Sabellianism is also an incorrect view of the Godhead. The Father, the Son, and the Holy Spirit are not the same Person manifesting Himself in different ways. There are three distinct personalities taught in the Word of God, while Sabellianism teaches that there is only one personality. Each of these personalities is distinct from the others. Christ distinguished Himself from the Father during His earthly ministry. In John 5:37, Christ states, "And the Father Himself, who hath sent me, hath borne witness of me." In the Old Testament, in Psalm 2:7, the author, speaking of Christ, writes, "Thou art my Son, this day have I begotten Thee." These two passages both show a definite distinction between the person of God the Father and the person of Jesus.

John 14:16-17 teaches a distinction between these two Persons and the Holy Spirit. Christ said, "And I will pray the Father, and He shall give you another Comforter, that He may abide with you forever; even the Spirit of Truth ..." Thus, the Sabellian view of one Person manifesting Himself in different ways cannot be accepted.

The doctrine of the Trinity is one of the most difficult, yet most glorious doctrines of the Word of God. It is very hard to understand how one Essence could be manifested in three distinct, yet unified, Personalities. Each member of the Trinity has His own special ministry in the life of the Christian. Yet all these are one and the same God. There are not three gods. There is not only one Personality manifested in three different ways. There is one Divine Essence consisting of three unique Personalities. And what a blessing the Trinity is! To know that Jesus Christ could be the perfect sacrifice because He was God is wonderful. It is a great comfort to realize that the Comforter within the Christian is the Divine Spirit of God Who will never steer him wrong. The fact of the Trinity is truely one of the greatest blessings of the Word of God.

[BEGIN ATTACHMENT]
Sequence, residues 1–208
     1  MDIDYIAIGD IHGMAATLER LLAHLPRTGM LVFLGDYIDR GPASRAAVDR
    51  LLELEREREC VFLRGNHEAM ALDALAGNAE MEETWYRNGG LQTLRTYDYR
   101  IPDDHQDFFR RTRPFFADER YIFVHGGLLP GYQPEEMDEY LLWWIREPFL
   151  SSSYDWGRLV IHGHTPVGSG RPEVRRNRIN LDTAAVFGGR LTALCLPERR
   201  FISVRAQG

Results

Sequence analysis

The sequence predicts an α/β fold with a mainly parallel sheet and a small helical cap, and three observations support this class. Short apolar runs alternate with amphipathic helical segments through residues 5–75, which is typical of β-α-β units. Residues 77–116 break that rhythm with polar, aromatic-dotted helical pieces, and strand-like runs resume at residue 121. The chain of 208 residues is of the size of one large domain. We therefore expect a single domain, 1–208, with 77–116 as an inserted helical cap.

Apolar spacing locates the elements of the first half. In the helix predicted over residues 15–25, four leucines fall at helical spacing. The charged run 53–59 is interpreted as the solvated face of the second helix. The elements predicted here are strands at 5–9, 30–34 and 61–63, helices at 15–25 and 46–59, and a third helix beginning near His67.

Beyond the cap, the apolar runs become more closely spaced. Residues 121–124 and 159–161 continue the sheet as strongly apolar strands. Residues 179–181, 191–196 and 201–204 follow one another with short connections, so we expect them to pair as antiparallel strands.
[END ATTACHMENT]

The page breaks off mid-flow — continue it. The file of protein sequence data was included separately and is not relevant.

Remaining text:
(1) Henry Thiessen, Introductory Lectures in SystematicTheology (Grand Rapids: Wm. B. Eerdman's PubIishlng Company, 1949), p. 134.
(2).Augustus Strong, Systematic Theology (Old Tappan, NJ: Fleming H. Revell Company, 1907) p. 307 308.
(3)Thiessen, op. cit., p. 135.
(4) Lewis Chafer, Systematic Theology (Dallas: Dallas Seminary Press, 1947), p. 282.
(5) Strong, op. cit., p. 330.
(6) Ibid


Bicherstett, Edward. The Trinity. Grand Rapids: Kregel Publications, 1957.

Chafer, Lewis. Systematic Theology. Dallas: Dallas Seminary Press, 1947.

Strong, Augustus. Systematic Theology. Old Tappan, NJ: Fleming H. Revell Company, 1907

Thiessen, Henry. Introductory Lectures in Systematic Theology. Grand Rapids: Wm. B. Eerdman's Publishing Company, 1949.